The vertical pathosystem

Vertical resistance will not operate against a pathogen that has a virulent gene at the locus corresponding to the resistance gene of the host a matching allo-infection will occur. A host plant that has only one gene for vertical resistance can be matched by a pathogen having a corresponding single virulence gene at the appropriate locus however, a host plant having two resistant genes requires the pathogen to have two corresponding virulence genes at the appropriate loci. In such a situation a...

Models Information Technology and Communication Technology in IPM

Throughout this book reference has been made to and examples given of many different types of model. There have been examples of models used to forecast pest abundance (Chapter 2), models to simulate plant growth and pest damage (Chapter 3), models to explain the interactions between pests and their natural enemies (Chapter 6). These models have been of different types and forms but the fact that they are now used in most areas of insect pest management says something for their utility. Models...

The pathosystem concept

A system may be defined as a pattern of patterns, and a pattern within a pattern is called a subsystem (Robinson, 1976). A pathosystem is a subsystem of an ecosystem and is defined by the phenomenon of parasitism (Robinson, 1980a,b). As with an ecosystem the geographical, biological, conceptual and other boundaries of a pathosystem may be specified as convenient (Robinson, 1980b). The plant pathosystem involves plants used as hosts by parasites which includes fungi, bacteria, viruses, insects,...

Durable Crop Resistance to Insects

The primary goal of conventional (Mendelian) breeding is to produce a higher yielding, better quality crop and once that is achieved then resistance characters can be incorporated, provided the method for introducing the resistance can itself be readily integrated into the breeding programme. In this way, the breeding of pest resistant plant material is considered as an adjacent to the main breeding programme. Resistance, once it has been identified, is incorporated into plant material already...

Pest management in soybean

The soybean Glycine max is grown in at least 45 countries with a production of 113,069,000 tonnes. The major producers are the USA (44 ), Brazil (21 ), China (12 ) and Argentina (11 ) (Soyatech Inc, 1995). To produce a soybean crop that yields economically anywhere in the world farmers must control pathogens, insect pests and weeds (Sinclair et al., 1997). For many years from the 1940s onwards, pest control in soybean relied on chemical insecticides, but for the last two decades concerns about...

Evaluating antixenosis and antibiosis

During a breeding programme plants may be screened for resistance to insect pests but most experimental work on resistance mechanisms takes place either with released cultivars or with resistant culti-vars prior to release. Experiments to evaluate antixenosis and antibiosis are usually labour intensive and can only be carried out on relatively few cultivars and hence are rarely included in routine screening programmes although there are exceptions, e.g. screening in alfalfa and rice ....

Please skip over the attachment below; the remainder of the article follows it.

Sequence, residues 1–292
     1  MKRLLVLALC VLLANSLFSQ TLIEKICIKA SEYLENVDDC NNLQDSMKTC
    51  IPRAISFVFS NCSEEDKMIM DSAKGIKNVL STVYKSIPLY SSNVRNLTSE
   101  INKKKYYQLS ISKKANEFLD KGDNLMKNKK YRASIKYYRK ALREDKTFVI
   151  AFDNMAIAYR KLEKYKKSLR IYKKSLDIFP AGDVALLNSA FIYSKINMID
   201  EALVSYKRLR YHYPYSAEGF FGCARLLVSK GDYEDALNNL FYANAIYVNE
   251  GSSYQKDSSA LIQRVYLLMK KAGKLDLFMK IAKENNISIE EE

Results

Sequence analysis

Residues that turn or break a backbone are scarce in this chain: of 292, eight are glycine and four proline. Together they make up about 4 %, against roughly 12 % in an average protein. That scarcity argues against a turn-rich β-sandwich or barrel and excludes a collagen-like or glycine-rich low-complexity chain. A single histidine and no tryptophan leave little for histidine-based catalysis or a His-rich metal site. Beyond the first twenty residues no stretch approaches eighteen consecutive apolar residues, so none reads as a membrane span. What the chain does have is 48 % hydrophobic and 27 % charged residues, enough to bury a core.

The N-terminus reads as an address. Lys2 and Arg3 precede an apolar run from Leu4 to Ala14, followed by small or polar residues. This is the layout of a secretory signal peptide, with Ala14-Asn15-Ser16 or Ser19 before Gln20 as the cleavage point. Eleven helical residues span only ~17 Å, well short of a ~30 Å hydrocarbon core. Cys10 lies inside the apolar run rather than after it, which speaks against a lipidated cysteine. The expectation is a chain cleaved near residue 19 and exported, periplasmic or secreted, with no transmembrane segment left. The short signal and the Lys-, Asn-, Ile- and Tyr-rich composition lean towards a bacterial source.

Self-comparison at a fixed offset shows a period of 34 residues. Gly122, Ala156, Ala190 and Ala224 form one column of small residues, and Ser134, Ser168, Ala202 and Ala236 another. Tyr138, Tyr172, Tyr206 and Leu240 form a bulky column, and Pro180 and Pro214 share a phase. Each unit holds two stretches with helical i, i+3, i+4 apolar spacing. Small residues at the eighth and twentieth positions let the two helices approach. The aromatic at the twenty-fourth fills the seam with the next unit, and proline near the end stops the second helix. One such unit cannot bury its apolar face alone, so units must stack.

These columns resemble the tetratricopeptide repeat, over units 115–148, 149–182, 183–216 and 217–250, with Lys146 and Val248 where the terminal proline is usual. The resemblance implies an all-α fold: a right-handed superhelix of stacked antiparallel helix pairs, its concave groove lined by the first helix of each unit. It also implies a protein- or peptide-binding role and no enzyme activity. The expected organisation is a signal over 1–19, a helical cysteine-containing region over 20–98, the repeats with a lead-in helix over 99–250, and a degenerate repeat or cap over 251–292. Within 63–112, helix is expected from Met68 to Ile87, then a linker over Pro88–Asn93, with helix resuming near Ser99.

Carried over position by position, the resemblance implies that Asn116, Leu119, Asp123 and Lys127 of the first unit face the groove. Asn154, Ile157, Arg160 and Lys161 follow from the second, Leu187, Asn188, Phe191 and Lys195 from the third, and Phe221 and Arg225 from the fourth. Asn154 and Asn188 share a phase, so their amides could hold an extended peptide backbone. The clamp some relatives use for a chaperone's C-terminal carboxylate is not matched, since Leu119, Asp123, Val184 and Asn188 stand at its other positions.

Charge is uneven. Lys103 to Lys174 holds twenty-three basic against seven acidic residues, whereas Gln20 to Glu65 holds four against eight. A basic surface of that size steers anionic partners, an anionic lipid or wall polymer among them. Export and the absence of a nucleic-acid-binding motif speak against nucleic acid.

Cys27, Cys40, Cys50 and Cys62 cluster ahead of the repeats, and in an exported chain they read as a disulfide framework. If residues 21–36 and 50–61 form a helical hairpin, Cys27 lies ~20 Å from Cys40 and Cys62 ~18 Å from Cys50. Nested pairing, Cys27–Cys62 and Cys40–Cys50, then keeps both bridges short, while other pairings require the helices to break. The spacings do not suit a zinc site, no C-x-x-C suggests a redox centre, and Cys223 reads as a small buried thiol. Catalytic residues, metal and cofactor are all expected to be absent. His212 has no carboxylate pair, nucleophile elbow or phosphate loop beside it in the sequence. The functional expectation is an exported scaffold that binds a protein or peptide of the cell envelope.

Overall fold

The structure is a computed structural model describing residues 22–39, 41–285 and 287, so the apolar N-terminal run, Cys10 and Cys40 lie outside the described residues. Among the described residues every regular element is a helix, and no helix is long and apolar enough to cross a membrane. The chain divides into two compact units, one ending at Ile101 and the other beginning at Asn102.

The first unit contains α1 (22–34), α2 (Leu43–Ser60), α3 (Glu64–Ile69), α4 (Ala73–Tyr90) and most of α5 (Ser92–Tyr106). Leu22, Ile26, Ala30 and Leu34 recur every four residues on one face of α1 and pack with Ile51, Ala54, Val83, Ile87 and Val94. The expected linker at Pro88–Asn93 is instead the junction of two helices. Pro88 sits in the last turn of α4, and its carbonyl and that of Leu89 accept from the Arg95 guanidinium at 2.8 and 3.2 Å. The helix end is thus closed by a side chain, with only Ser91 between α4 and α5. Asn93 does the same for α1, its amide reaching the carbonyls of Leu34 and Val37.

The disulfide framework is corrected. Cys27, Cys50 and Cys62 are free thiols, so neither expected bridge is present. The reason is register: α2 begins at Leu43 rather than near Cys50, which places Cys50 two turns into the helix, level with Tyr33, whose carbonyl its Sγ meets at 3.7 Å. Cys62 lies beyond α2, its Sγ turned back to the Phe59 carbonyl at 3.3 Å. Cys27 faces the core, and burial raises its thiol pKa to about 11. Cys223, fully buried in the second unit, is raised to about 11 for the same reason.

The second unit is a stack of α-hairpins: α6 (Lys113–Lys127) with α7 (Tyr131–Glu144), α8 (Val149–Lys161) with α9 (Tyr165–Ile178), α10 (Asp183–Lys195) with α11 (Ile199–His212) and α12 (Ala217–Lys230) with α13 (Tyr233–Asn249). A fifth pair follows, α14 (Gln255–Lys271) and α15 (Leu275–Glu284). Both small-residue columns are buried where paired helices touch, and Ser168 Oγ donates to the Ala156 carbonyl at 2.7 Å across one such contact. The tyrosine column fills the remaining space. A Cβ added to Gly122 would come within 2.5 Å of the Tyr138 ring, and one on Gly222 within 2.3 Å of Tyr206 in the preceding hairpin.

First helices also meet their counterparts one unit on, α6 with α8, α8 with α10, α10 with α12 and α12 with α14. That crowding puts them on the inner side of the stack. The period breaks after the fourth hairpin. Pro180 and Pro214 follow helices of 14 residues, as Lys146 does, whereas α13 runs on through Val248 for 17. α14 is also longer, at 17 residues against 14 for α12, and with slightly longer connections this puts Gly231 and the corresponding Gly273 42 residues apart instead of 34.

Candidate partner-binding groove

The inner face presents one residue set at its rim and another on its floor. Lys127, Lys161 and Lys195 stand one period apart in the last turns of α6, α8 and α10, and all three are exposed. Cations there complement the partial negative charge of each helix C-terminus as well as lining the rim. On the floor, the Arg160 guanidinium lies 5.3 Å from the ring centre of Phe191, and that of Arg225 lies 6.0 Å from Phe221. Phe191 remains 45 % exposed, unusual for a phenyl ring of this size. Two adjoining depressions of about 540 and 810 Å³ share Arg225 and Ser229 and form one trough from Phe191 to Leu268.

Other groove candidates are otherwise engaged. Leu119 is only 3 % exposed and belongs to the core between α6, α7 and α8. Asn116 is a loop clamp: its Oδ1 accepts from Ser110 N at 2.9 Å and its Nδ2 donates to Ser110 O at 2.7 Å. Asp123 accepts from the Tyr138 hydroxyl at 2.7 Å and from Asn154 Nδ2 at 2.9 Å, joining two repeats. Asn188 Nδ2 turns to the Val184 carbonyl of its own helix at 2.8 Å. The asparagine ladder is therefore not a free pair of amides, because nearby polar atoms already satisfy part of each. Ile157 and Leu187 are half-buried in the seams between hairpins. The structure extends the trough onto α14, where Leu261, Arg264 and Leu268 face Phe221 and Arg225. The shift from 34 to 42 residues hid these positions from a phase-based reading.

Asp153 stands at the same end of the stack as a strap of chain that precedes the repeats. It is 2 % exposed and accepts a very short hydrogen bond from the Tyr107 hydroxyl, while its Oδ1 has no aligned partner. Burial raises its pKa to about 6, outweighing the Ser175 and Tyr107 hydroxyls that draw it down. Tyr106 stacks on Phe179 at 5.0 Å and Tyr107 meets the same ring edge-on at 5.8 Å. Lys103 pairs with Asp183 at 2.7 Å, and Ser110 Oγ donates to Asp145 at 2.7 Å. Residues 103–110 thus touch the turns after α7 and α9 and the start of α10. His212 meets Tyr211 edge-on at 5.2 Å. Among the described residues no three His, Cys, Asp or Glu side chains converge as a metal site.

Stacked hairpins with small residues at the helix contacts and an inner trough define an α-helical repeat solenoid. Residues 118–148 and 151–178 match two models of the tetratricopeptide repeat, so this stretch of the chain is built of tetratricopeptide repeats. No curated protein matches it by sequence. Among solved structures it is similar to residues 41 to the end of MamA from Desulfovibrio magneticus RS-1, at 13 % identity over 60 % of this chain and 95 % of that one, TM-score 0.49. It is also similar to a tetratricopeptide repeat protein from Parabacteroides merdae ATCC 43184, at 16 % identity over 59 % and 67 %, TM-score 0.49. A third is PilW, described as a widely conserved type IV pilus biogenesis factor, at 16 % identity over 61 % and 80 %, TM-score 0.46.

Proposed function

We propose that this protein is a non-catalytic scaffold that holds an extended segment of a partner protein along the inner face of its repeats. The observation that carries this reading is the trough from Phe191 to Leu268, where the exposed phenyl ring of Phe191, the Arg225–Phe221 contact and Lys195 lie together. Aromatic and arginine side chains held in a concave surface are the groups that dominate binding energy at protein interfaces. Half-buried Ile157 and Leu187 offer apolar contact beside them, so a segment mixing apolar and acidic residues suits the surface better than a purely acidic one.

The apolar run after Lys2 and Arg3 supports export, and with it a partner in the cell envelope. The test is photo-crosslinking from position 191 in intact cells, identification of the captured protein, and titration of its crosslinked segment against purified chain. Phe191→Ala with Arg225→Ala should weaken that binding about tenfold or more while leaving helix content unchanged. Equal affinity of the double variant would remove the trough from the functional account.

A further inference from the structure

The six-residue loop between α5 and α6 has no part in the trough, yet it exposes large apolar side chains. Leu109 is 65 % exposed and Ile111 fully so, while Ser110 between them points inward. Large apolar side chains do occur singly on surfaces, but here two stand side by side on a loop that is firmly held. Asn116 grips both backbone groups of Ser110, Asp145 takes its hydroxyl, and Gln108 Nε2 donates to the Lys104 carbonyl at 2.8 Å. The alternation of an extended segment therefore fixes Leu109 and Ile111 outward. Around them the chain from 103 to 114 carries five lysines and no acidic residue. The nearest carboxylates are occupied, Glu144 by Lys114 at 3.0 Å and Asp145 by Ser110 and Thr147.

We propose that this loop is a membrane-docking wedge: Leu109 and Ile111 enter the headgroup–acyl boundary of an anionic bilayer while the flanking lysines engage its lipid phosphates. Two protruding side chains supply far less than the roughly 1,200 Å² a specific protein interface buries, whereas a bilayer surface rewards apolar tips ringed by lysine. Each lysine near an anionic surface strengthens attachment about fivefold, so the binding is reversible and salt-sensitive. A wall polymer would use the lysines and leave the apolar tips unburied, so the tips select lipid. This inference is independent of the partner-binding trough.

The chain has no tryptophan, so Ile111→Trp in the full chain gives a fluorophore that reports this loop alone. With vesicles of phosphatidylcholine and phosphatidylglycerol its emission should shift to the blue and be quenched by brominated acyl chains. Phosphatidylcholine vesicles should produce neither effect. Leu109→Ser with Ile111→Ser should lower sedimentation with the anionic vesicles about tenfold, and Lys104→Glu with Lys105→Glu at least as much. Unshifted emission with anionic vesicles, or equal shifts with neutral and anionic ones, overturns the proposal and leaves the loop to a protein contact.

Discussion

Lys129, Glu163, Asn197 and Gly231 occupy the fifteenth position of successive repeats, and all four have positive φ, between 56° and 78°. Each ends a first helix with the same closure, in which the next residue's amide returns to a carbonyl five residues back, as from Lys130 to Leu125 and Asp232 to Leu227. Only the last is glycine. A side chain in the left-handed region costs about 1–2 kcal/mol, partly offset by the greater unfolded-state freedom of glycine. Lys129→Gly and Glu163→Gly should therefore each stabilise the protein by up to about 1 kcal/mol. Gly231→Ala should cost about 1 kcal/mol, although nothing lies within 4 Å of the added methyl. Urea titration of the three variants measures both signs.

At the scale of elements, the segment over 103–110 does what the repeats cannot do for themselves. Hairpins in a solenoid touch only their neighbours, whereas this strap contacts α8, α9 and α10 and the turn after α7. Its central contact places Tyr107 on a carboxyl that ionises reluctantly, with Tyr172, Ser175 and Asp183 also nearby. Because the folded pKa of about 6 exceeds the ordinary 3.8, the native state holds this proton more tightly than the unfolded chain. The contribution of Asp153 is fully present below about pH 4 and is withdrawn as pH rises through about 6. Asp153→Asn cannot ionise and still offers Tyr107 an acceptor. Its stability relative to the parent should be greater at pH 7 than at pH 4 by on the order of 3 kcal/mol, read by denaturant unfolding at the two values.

The Stakeholders in Pest Management

Stakeholders are individuals and groups of individuals who have a vested interest in a particular issue, cause or enterprise. Their expectations are built on past experiences, assumptions and beliefs and will reflect specific organizational structures Collins, 1994 . Within pest management there are numerous stakeholders who can include, for instance, shareholders, managers, employees, suppliers, customers and communities who are all linked to different degrees to a commercial company that...

Sampling Monitoring and Forecasting

Monitoring in insect pest management can be used to determine the geographical distribution of pests or to assess the effectiveness of control measures, but in its widest sense monitoring is the process of measuring the variables required for the development and use of forecasts to predict pest outbreaks Conway, 1984b . Such forecasts are an important component of pest management strategies because a warning of the timing and extent of pest attack can improve the efficiency of control measures....

Brief History of Pest Management

The history of pest management dates back to the beginnings of agriculture and from that time it is a history that combines important events discoveries and defining moments , influential people, institutions, organizations and governments in ways that have led us to the current concept of integrated pest management IPM . IPM has been defined as a 'pest management system that in the context of the associated environment and population dynamics of the pest species, utilizes as suitable...

Types of pest damage

The presence of an insect pest in a crop is usually characterized by a particular type of damage. The damage may take the form of injuries caused by insect feeding, the presence of contaminants, such as frass, that reduce the market quality of the har-vestable product or indirect insect damage caused by the presence of bacteria or viruses transmitted by the insect. The type of pest damage will in turn influence both the likelihood and the extent of yield loss. Insects feed and consume plant...

Causes of Pest Outbreaks

The history of pest management is a subset of the history largely of agriculture and while pests have been a chronic problem in agriculture since the beginning, many of today's serious pest problems are the direct consequence of actions taken to improve crop production Waage, 1993 . The intensification of agriculture has created new or greater pest problems in a number of ways 1. The concentration of a single plant species variety in ever larger and more extensive monocultures increases its...